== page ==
Solar-powered transatlantic flight delayed by winds
The Swiss sun-powered aircraft Solar Impulse has been delayed by strong winds during a stop-off on its first planned intercontinental flight, organisers said on Monday.
The plane landed in Madrid early Friday at the end of the first leg of its attempt to reach Morocco without using a drop of fuel.
After technical checks and a pilot change it was hoped Solar Impulse would leave for Rabat on Monday.
“Today was the earliest possible departure date but we are waiting for the best weather window,” project spokeswoman Alexandra Gindroz told AFP.
“We have too much south-east wind.”
The departure is not likely to be before Thursday, when the forecast is for calmer weather, she said.
Pilot Andre Borschberg took off from the plane’s home base of Payerne in western Switzerland last Thursday.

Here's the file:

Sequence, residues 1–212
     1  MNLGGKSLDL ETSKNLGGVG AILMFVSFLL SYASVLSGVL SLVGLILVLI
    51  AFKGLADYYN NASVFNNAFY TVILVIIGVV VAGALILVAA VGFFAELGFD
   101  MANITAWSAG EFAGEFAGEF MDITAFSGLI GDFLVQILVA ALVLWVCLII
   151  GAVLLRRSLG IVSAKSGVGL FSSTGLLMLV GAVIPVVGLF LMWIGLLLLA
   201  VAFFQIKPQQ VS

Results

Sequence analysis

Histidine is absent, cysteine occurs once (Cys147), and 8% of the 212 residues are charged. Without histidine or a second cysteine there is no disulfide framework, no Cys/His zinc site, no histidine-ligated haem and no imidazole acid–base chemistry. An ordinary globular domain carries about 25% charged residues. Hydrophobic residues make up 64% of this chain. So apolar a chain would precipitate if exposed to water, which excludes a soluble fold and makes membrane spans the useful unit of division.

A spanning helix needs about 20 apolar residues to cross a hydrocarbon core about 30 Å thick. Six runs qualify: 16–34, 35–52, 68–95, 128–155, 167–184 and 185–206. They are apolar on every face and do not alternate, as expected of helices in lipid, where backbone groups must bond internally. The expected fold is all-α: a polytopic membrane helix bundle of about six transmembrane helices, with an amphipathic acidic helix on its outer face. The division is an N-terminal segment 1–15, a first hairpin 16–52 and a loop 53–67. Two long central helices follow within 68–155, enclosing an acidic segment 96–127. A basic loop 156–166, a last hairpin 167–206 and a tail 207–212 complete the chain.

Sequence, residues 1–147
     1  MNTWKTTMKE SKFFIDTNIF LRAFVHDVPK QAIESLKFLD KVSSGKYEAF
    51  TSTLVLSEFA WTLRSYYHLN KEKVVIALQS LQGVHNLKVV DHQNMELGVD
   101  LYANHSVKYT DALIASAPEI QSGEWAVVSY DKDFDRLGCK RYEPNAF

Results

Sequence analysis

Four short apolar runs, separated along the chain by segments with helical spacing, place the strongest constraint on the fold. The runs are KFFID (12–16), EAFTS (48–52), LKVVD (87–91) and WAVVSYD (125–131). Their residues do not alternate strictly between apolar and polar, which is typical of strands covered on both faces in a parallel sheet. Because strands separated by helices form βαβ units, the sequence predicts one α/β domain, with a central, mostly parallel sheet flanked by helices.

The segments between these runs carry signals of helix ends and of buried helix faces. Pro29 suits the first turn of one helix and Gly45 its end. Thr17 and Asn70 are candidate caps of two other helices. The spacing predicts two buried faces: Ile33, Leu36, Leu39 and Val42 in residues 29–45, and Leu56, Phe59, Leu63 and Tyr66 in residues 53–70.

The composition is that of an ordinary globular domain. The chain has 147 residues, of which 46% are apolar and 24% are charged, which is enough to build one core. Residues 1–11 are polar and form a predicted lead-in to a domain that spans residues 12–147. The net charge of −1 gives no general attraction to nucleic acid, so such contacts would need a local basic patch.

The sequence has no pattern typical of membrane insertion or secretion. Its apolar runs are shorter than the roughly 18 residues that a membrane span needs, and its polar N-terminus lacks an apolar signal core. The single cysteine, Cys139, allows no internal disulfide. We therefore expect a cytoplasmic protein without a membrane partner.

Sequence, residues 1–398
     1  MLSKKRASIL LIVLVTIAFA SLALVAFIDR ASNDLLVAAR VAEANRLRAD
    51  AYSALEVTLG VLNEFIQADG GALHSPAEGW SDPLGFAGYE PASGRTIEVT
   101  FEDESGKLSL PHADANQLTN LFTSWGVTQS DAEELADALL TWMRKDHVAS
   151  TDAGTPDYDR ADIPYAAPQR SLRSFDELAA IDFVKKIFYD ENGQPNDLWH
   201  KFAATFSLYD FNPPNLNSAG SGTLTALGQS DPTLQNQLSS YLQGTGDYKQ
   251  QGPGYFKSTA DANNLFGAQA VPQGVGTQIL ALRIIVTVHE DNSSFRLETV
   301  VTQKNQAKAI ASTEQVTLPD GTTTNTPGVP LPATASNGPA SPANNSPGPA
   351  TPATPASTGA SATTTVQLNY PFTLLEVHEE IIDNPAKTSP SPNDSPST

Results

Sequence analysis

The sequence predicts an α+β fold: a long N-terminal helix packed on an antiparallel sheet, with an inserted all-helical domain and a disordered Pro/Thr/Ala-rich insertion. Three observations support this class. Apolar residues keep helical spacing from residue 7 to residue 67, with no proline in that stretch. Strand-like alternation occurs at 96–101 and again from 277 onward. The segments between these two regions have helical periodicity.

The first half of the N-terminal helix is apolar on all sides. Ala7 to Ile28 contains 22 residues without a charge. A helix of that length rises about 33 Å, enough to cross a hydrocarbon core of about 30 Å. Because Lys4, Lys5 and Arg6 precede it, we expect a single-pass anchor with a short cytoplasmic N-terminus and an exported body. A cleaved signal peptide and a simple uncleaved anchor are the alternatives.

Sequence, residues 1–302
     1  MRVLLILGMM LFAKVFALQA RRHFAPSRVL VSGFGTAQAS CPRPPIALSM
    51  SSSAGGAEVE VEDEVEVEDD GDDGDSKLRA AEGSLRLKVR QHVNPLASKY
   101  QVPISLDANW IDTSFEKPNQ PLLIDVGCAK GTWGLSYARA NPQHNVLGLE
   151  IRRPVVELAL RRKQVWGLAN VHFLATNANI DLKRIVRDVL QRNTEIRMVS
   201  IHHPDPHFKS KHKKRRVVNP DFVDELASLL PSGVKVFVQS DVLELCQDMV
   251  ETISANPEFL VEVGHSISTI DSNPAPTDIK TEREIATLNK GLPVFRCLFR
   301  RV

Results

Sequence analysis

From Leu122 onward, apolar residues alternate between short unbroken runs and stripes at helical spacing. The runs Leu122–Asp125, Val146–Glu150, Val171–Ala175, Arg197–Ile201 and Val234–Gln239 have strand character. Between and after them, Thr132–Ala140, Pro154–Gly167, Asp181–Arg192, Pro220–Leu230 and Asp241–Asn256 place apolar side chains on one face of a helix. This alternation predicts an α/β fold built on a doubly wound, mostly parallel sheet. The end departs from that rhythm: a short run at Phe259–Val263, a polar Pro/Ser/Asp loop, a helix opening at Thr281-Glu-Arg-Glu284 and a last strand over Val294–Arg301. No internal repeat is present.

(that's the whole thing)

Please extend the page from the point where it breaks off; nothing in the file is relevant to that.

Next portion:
After the weekend in Madrid it is ready to begin its second leg piloted by Bertrand Piccard, when it will leave Europe for the first time.
If successful the 2,500-kilometre (1,550-mile) journey will be the longest to date for the craft after a flight to Paris and Brussels last year.
The trip is intended as a rehearsal in the run-up to the plane’s round-the-world flight planned for 2014.
The high-tech aircraft, which has the wingspan of a large airliner but weighs no more than a saloon car, is fitted with 12,000 solar cells feeding four electric motors driving propellors.
[Pilot Andre Borschberg walks to the Swiss sun-powered aircraft Solar Impulse before takeoff in Payerne on May 24. AFP Photo/Fabrice Coffrini]